available—and sometimes in the tall-tales told in families—and make
associations that may or may not be true. Without these inferences the
researcher has literally no clue and no real direction in which to proceed.
Speculation is essential and, as any scientist will tell you, good
speculation can lead to evidence that may eventually elevate it to a
hypothesis. Once you've got something strong, you're on solid
theoretical ground. A scientific proof (the next and final stage
in the game), however, not only presents excellent evidence, it is
universally-recognized as simply having no reasonable evidence that points
to another conclusion.
Scientific proofs are not found in the realm of genealogy but genetics
has shown us that John's origins are probably in the British Isles. Let's
see if we can put some tid-bits together and approach a hypothesis—one, of
course, that is readily open, or perhaps even vulnerable, to a serious
challenge—that he was from England.
However, it seems that some of the above statements are not strictly
true. We know from the 1850 census, for example, that Reuben Cooley was
born in North Carolina, not in England. Likewise, the 1880 census entry for
Edmond, a son of John (2), states that his father was born in Virginia, and
a letter written by John
Pearce Cooley, Joseph's grandson, says that he, too, was born in
Virginia. And, not noted above, is a note written to my father by his aunt
Vernal Shelton, who says that "[he] came from England in early part of 18
century." But she said that about John's son Edward, which was decidedly not
the case as he was not yet born.
How could the English tradition be documented down four distinct lineages
and yet the specifics be wrong? I know it can happen. I used to think my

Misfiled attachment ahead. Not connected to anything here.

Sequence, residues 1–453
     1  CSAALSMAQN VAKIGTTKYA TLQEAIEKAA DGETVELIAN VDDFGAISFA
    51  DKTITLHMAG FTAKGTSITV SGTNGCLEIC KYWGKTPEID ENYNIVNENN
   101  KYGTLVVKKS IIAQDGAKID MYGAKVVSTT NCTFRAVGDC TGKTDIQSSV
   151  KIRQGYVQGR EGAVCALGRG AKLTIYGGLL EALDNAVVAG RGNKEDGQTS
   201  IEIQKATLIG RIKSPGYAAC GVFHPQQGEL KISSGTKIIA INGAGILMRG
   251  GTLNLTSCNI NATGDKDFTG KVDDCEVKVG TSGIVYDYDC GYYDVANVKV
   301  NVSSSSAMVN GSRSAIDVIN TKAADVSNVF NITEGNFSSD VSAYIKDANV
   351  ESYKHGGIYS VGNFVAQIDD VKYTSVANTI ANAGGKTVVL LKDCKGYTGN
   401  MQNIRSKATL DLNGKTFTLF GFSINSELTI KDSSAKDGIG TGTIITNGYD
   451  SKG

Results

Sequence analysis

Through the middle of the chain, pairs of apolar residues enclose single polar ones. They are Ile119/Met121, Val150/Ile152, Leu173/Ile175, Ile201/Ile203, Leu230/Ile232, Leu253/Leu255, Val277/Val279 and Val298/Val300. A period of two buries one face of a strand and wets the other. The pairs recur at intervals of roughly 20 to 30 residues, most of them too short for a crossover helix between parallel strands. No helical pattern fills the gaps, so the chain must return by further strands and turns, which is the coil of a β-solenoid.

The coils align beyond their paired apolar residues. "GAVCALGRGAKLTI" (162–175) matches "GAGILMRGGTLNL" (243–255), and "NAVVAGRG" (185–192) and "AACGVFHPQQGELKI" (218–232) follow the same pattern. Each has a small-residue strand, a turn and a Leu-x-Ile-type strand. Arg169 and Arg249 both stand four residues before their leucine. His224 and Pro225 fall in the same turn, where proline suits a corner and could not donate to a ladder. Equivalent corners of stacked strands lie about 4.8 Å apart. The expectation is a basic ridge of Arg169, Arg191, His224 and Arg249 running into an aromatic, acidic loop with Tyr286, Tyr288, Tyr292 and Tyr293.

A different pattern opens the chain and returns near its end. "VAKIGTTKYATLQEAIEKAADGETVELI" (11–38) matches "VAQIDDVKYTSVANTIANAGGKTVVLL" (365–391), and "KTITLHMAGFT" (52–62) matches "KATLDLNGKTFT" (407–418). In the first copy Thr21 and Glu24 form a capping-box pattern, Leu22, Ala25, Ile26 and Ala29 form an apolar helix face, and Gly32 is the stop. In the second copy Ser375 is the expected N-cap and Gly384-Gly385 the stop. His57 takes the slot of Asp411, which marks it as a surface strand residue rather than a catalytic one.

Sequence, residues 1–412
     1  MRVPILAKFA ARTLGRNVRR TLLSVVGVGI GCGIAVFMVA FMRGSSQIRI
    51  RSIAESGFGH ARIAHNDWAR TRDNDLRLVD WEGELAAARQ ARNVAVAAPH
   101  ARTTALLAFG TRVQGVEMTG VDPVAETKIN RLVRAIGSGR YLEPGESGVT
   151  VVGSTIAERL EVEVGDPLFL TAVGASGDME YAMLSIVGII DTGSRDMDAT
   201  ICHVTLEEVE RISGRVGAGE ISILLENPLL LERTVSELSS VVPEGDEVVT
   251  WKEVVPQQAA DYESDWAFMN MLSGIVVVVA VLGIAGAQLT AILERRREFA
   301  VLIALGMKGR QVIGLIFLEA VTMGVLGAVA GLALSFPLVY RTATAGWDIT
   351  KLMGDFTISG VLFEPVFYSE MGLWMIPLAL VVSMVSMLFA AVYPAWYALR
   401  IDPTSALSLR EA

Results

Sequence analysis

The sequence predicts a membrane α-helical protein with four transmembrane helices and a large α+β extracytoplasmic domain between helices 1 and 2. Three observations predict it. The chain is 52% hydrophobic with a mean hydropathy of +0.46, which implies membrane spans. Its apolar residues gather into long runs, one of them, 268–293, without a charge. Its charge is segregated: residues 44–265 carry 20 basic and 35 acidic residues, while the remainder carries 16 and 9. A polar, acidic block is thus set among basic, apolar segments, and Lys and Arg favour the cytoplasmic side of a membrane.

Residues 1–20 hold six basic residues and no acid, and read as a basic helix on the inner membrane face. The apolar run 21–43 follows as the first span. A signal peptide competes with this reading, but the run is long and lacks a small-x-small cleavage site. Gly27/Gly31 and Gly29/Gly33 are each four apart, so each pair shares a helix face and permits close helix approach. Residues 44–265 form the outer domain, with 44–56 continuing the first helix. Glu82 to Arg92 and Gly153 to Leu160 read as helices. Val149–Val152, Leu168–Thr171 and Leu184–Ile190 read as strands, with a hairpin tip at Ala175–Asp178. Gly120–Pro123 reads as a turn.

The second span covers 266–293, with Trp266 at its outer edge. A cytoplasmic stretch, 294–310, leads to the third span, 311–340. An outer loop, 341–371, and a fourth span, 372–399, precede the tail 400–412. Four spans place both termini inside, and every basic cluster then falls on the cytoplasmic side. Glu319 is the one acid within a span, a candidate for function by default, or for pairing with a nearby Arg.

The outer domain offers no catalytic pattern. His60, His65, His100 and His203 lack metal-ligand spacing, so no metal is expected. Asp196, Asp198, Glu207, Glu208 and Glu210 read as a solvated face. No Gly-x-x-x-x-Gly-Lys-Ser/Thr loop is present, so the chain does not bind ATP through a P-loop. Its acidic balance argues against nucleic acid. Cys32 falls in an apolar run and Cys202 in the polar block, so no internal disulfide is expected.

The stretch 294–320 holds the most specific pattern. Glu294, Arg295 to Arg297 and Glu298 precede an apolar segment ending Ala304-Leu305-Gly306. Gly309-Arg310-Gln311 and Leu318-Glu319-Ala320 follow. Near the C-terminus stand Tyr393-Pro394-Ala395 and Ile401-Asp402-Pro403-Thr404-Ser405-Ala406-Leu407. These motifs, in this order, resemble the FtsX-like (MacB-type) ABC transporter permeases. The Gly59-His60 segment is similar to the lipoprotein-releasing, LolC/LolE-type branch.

paternal grandmother was born in France. I now know that she was born in
Connecticut and that her father was born in France. If it hadn't
been for my interest in genealogy, I might still be propagating
misinformation—more than 100 years after her birth. With that notion in
mind, we can triangulate all of these traditions back to the senior John.
And that makes sense as many, if not most (if not all), Cooley immigrants to
the American colonies in the 17th and 18th century were from England:
COOLEY IMMIGRANTS FROM THE BRITISH ISLES
||The Cooley Family Association of America [link]|
Cavaliers and Pioneers: Abstracts of Virginia Land Patents and Grants,
1623-1666, Nell Marion Nugent.
||ca 1665, England
||Directory of Persons in New Netherlands from 1613
to 1674 vol IV. It doesn't list a source for this entry. Therefore, I'm
||The Early Settlers of Maryland, Skordas
(1979). On page 105: Cooley, Richard, book 18 page 84, transported 1674.
References are "compiled from records of land patents, 1633-1680, in the
Hall of Records, Annapolis, Maryland."
Cavaliers and Pioneers: Abstracts of Virginia Land Patents and Grants,
1623-1666, Nell Marion Nugent.
Transported on the Forward, Captain Daniel Russell, Oct 1723.
Source: The King's Passengers to Maryland and Virginia, Peter
||Virtual Jamestown [link].
From St. Giles in the Fields, Middlesex. Indentured February 14 1729 for
4 years. Age 20.|
||This may not be the man found at Old Bailey
He was sentenced to death.|
Bonded Passengers To America vol
4 pg 35, by Peter Wilson Coldham. Richard Cooley, transported Apr 1743 on
the Justitia (Barnet Baird, master) from London to Virginia with a total of
132 convicts. Richard's age is given as 14, making him born c1729. Ref
||Old Bailey Online [link].